Tech jobs expected to double in ‘hot spots’ outside the southeast


The strongest growth in tech jobs over the next three decades will occur outside London and the South East, according to a study by the Local Government Association.

An LGA report predicts that growth in tech-skilled jobs by 2050 will be greatest in the East Midlands (111%) and the South West (108%), “in what could be considered an ‘upgrade scenario’ “.

London and the South East are expected to see growth of 60% and 67% respectively – although these established centers will continue to have the highest densities of tech workers.

The report, which uses data from the Office for National Statistics, names North West Leicestershire DC, Blaby DC and South Gloucestershire Council among the top ten council areas where growth will be greatest.

In these countries – and other “notable growth hotspots” including South Derbyshire DC, Wakefield MBC and Coventry City Council – tech employment is expected to increase by more than 130%.

Overall, the report predicts that the number of tech specialists in England will increase by 84% from 2020 to 2050 – from 1.4 million to 2.5 million – compared to a “much more modest” growth of 11. % in the total labor force.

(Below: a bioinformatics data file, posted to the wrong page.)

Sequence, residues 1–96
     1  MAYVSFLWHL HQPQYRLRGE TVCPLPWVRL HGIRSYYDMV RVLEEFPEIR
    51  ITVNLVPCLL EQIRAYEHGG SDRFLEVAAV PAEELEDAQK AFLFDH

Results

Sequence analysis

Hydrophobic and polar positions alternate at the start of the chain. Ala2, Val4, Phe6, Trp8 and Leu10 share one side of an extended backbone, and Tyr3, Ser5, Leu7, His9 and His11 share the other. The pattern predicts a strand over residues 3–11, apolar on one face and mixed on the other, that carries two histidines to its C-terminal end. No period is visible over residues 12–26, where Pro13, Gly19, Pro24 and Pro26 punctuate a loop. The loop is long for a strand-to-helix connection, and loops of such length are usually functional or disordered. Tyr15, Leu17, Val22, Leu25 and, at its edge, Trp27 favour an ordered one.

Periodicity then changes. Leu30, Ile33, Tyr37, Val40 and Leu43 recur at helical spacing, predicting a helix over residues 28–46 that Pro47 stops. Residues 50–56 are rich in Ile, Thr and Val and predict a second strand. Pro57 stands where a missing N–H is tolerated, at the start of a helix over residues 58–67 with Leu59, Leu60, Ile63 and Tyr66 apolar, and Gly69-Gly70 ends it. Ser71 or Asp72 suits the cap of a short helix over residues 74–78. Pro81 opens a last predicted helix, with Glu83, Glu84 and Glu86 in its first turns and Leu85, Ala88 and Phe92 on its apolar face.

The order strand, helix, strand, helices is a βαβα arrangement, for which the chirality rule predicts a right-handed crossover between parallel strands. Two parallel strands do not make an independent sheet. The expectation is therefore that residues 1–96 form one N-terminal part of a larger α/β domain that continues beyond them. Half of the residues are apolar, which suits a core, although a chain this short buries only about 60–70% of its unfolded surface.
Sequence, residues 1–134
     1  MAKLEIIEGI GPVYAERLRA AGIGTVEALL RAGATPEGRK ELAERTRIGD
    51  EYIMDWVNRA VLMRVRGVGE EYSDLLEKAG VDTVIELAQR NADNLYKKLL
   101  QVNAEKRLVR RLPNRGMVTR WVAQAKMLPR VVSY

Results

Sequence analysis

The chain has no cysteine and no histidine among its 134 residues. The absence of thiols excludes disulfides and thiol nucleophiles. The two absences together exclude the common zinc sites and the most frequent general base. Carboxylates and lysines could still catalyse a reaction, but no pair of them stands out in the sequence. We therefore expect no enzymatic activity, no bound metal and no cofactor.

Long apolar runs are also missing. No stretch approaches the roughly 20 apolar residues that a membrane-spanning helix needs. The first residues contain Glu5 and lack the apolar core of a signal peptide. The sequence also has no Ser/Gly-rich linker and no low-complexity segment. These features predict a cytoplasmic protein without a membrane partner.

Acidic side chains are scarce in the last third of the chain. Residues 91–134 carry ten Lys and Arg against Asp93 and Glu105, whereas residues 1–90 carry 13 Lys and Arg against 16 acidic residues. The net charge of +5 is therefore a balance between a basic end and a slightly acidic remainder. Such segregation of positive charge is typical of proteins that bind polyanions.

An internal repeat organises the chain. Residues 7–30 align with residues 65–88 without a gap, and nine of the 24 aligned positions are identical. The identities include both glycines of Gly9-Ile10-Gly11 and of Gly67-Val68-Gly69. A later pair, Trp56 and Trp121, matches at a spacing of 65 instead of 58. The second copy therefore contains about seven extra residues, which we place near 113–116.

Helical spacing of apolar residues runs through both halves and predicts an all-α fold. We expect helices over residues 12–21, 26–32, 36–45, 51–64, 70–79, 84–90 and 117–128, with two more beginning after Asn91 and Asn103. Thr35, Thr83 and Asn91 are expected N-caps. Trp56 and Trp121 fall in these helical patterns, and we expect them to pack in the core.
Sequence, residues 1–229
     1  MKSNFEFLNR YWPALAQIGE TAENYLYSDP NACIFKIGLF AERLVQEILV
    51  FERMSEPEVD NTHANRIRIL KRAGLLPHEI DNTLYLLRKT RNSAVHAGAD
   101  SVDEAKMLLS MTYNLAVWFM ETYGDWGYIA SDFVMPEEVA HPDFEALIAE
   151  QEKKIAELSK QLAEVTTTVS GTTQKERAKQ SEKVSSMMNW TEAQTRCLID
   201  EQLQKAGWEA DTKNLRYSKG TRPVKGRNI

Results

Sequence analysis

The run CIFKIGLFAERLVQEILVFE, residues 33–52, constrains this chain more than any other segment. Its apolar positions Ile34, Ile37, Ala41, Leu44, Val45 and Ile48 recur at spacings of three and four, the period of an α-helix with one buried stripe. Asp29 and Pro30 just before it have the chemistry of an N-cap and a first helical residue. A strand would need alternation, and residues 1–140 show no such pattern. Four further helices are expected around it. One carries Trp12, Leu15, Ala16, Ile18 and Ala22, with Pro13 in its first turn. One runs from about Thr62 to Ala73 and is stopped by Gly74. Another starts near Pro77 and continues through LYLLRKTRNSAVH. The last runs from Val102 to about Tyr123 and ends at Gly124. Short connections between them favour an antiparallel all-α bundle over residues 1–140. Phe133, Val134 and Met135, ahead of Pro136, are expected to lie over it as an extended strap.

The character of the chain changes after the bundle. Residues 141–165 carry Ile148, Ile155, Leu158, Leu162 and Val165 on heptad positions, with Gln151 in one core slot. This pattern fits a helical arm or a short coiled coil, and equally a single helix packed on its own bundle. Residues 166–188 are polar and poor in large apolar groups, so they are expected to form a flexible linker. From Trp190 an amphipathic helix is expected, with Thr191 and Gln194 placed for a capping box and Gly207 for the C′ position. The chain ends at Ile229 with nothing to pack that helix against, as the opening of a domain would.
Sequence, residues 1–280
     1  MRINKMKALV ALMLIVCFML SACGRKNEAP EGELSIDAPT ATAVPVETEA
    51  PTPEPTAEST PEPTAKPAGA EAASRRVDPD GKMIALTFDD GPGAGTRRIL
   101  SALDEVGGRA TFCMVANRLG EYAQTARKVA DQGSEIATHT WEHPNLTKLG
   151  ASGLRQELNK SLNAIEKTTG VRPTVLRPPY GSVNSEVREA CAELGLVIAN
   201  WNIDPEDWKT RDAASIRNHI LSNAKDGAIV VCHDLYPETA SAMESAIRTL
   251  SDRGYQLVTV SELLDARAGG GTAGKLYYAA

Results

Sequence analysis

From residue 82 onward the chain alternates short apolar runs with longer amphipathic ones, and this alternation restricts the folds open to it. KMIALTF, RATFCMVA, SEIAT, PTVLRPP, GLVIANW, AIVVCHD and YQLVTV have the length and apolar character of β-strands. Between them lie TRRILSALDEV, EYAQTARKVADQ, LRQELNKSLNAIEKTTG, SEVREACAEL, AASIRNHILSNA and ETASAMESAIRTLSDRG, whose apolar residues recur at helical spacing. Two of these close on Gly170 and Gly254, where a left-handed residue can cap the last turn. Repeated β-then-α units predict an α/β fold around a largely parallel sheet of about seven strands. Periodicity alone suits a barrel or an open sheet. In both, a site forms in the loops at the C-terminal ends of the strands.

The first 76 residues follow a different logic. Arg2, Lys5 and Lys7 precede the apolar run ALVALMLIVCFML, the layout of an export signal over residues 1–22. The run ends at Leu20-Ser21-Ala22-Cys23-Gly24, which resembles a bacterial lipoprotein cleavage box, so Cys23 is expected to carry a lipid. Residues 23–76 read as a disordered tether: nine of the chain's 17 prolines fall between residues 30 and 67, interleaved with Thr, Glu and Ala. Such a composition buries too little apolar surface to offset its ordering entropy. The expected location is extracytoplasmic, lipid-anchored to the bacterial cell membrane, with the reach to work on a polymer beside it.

The occupations with the highest expected growth are web developers (157%), specialized technology managers (112%) and project or program managers (100%).

The report notes the government‘s ambition in a recent policy paper to ‘make our country a science and technology superpower’, and its £ 5 billion commitment to improve gigabit broadband connectivity.

Given these priorities, he argues that “it is essential that boards are well placed to consider their role in retaining and attracting the tech industry to local areas over the next few years.”

Recommendations on how to ‘sustain the local supply of digital skills’ include maintaining a network of contacts in all relevant sectors, developing a local database and strategy, and seizing opportunities. funding.

He says that while boards can support skills development through formal learning, it is “just as important to build the infrastructure and the economic environment” to create opportunities where people can learn on the job.

Over the past two years, the number of people employed in digital technology has increased by 40% in the UK.

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